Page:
I encourage anyone reading this who agrees with me to drop Gov. Romney a line with your opinion.
Governor Mitt Romney
The Commonwealth of Massachusetts
Executive Department
State House Boston, MA 02133
(617) 725-4000

In other less disturbing news, this is Banned Book Week. According to the American Library Association, among the 100 most challenged books are I know Why the Caged Bird Sings, the entire Harry Potter series, Brave New World, and (my favorite) Where's Waldo.

Also - today June Carter Cash posthumously released Wildwood Flower. The album features collaborations with her children, cousins, friends and beloved (now late) husband Johnny Cash.

Tuesday, September 23, 2003

Interesting car stuff.
This is pretty funny, even if you don't agree with him (which I do).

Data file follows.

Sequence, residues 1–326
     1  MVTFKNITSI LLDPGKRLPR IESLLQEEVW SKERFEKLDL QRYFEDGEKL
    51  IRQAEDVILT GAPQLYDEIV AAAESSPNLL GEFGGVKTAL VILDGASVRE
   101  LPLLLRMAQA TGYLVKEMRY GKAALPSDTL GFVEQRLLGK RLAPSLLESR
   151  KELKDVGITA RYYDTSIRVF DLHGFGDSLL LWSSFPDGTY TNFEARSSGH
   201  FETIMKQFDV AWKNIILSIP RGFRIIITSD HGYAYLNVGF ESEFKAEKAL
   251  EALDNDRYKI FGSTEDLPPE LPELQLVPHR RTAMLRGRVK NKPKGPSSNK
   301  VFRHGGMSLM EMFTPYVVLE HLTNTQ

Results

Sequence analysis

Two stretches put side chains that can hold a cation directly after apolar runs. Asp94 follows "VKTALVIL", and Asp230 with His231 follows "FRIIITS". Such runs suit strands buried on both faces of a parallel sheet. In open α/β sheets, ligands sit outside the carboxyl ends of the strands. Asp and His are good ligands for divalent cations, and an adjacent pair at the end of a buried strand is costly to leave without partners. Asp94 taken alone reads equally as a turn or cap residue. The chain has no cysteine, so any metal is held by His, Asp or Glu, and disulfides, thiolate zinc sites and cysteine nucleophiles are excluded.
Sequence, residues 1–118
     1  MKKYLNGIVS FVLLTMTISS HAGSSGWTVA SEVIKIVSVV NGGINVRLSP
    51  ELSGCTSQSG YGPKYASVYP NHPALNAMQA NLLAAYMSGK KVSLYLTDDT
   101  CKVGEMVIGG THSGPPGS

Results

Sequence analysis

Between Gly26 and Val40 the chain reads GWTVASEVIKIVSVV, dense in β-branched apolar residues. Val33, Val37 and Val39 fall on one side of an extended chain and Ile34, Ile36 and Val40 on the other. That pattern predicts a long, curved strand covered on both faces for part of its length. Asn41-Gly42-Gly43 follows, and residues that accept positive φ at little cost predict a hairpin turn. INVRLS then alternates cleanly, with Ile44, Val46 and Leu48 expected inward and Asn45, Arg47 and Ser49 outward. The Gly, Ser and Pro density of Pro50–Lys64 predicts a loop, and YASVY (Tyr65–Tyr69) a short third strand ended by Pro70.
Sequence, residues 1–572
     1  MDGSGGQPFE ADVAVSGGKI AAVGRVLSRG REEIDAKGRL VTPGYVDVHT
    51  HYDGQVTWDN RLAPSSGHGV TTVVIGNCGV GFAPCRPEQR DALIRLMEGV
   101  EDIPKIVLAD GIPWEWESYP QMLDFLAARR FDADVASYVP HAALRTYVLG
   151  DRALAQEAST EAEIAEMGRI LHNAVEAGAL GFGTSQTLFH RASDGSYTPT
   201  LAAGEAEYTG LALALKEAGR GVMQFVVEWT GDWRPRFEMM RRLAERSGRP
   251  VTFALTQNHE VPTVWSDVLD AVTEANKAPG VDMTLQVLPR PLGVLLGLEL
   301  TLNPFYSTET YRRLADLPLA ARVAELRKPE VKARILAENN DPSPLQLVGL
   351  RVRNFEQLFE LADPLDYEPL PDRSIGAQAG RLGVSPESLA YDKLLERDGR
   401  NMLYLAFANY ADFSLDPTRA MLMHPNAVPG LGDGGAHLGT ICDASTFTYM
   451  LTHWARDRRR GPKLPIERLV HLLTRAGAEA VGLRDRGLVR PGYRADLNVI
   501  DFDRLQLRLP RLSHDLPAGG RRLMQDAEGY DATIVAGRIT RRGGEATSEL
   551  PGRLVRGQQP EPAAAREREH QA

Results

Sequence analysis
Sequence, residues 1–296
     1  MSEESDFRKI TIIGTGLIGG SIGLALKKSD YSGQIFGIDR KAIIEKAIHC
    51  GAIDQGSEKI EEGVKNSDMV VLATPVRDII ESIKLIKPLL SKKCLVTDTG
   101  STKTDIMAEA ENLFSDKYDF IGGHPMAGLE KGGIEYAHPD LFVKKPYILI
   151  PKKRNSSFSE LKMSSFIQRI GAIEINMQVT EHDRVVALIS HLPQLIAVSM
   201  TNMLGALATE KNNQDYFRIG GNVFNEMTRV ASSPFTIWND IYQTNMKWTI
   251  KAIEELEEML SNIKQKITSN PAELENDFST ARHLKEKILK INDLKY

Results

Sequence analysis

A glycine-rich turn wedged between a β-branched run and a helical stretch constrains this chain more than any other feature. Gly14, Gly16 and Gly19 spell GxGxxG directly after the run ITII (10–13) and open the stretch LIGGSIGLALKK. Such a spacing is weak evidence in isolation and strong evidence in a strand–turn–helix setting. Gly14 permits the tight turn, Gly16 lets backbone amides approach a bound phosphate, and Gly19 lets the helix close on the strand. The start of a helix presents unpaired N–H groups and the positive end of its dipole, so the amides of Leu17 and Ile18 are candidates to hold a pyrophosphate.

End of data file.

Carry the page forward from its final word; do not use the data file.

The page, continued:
This is also pretty funny even though I don't agree with it, and it totally confuses supply-side and Keynesian economics a few times.
Pitchfork Pat on guns. Send me anti-gun/pro-gun control/pro-gun/anti-gun control articles if you find good ones. This is an issue I want to know more about.

Monday, September 22, 2003

So the president of the NYSE was forced to resign last week because he was paid too much money. I don't really understand this. Clearly, his pay was excessive, I'm not disputing that. But if my employer offers me way more money than I'm worth, why am I in the wrong? Unless Grasso somehow cheated the exchange, I think the blame lies squarely with the board, not Grasso. They should be the ones to lose their jobs.
On the topic of governance issues and scandals, here's more. This organization has caused more problems, broken more laws, and ruined more lives than any other in this country.
On a totally different topic, here's a good piece on evolution. I still believe in the theory, but Murphy raises some good points to consider.
Warning: This is what will happen if you keep listening to Justin Timberlake.

Friday, September 19, 2003

In honor of Bob's ARR